Last month the Food and Drug Administration (FDA) unleashed new laws that bans sales of flavored e-cigarettes in convenience stores and gas stations. Now, these products will only be sold in speciality tobacco and vape stores with age restrictions. Oregon-based News-Review also reports that age verification requirements for online sales will increase, and the FDA plans to ban menthol cigarettes and flavored cigars.
Specifically, flavors other than tobacco, mint and menthol are said to be banned. While the FDA stands by its apparently interest in curbing the proclaimed “youth vaping epidemic,” what it may fail to realize that in reducing flavor options, adult smokers trying to kick the habit are left out in the cold.
Scott Gottlieb, FDA commissioner, told CNBC: “We recognize [e-cigarettes] as a viable alternative for adult smokers who want to get access to satisfying levels of nicotine without all the harmful effects of combustion. If we could switch every adult smoker to an e-cigarette, it would have a profound public health impact,” however we’re not sure his actions are backing up his words.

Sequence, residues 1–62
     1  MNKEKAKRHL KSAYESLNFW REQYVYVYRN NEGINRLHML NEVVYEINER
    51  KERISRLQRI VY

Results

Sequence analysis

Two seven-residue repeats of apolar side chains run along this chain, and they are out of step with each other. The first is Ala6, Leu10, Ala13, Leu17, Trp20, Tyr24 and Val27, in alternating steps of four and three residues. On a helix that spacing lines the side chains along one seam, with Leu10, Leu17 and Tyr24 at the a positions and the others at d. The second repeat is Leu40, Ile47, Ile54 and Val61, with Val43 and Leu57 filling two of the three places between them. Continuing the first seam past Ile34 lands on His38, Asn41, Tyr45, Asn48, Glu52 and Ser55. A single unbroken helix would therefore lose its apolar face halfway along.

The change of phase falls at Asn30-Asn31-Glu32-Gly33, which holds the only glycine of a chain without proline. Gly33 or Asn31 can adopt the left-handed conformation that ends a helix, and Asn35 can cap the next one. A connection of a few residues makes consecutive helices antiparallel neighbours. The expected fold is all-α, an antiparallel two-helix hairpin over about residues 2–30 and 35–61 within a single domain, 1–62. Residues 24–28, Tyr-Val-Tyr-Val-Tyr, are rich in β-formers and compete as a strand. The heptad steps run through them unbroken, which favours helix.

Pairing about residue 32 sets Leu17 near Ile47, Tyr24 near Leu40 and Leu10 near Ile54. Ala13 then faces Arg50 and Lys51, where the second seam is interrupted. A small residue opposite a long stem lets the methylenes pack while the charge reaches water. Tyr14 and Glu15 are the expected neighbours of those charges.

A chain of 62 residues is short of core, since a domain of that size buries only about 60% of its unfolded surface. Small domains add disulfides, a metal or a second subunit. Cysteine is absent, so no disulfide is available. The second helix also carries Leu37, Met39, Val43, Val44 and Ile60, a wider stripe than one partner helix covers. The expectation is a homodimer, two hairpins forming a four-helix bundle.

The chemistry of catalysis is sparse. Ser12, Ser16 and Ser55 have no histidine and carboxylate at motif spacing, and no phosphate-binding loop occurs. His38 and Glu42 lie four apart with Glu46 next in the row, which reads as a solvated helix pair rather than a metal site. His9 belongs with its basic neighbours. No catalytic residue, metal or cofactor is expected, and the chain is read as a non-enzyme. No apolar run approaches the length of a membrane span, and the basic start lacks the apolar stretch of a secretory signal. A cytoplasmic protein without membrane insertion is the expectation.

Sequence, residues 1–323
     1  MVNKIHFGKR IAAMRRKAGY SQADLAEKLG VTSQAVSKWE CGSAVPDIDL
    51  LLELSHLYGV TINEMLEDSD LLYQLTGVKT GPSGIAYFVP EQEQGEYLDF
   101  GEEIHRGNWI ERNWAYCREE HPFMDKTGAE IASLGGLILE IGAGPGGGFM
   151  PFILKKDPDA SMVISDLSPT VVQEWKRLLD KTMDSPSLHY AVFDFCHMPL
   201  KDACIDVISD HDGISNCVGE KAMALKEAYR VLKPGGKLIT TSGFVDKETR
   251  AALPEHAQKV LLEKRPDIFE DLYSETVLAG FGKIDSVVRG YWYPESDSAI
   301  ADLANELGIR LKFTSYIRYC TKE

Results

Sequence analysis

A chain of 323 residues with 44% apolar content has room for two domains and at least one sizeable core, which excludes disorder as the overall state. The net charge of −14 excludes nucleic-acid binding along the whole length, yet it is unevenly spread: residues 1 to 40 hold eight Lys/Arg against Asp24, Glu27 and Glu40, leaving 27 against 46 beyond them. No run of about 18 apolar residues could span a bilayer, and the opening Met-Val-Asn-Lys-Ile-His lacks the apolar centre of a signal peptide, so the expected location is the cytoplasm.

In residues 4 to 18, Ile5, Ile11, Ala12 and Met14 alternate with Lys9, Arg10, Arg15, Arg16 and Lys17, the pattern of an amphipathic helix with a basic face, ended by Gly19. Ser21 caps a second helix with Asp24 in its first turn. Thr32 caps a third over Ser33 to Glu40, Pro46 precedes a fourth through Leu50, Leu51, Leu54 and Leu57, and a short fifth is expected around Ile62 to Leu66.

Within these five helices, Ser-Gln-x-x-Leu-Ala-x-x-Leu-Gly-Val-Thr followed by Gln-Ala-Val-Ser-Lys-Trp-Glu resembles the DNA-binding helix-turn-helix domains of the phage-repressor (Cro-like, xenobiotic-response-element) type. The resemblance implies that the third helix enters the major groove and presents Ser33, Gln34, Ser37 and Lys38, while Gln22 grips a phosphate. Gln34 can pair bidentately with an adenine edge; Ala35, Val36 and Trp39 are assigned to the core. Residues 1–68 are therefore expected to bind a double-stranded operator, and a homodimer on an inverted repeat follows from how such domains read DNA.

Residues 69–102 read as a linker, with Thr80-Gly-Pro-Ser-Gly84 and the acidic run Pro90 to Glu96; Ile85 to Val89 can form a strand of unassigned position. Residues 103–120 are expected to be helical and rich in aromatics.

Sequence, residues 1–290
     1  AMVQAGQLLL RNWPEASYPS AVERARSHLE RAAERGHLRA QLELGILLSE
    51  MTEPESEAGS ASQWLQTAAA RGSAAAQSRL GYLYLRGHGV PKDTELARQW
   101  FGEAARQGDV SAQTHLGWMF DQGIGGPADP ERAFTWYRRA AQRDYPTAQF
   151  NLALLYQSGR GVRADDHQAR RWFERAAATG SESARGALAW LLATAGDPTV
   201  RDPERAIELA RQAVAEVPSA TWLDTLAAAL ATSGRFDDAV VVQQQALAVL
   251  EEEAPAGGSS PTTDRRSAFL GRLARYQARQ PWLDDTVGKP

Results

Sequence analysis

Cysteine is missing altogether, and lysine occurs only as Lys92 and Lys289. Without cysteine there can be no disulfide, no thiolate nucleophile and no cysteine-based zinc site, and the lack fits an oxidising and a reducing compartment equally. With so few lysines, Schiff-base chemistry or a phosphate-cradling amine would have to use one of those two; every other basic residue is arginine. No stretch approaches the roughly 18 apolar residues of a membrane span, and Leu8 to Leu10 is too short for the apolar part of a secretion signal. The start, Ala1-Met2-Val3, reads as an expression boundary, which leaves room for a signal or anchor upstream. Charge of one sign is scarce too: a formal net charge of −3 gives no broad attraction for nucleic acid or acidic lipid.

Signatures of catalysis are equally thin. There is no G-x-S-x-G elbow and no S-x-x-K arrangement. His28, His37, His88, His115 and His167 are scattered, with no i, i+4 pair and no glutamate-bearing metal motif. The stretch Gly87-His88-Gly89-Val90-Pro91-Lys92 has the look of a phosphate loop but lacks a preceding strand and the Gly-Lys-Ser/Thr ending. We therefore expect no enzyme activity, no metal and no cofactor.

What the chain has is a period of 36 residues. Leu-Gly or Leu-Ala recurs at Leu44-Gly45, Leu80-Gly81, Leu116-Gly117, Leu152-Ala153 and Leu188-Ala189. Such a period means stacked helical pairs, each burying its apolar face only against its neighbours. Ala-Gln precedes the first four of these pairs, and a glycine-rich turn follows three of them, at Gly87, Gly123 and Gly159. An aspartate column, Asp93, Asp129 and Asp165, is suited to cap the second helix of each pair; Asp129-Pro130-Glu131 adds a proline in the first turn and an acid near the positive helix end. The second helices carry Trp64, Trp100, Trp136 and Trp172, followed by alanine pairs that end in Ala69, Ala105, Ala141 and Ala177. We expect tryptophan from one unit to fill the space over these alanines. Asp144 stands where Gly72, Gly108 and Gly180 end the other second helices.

A recent story on Reason.com cites Public Health England’s stat that vaping is 95 percent less hazardous than smoking, and the story’s author says that “making e-cigarettes less appealing and less accessible has a public health cost, measured in smoking-related diseases and deaths that otherwise would not have occurred. Yet that is what the FDA's new restrictions on e-cigarettes, which limit the flavor options in most stores to menthol, mint, and tobacco, will do.”
We agree with the author that enforcement of minimum purchase ages is the way to go, instead of creating harm in restricting flavors because employees at convenience stores are doing their due diligence. Reason also cites another survey of more than 69,000 adult vapers. Only 16 percent said tobacco, menthol or mint flavors were the ones used most often, leaving the majority leaning on fruit and dessert flavors to keep them off analogs. Additionally, Juul’s mango flavor was voted the most popular by 70 percent of respondents.
And, the studies go on and on. It’s proven that former smokers prefer — arguably need — flavors to make the switch and stay off cigarettes, something that the FDA has acknowledged in the recent past. Reason’s author closes with: “But why should adult smokers pay, potentially with their lives, for the carelessness of convenience store clerks? The moral logic of the tradeoff demanded by the FDA escapes me.”
Do you agree? Should flavors be banned in gas stations and liquor stores, or should the FDA be focusing more on carding enforcement?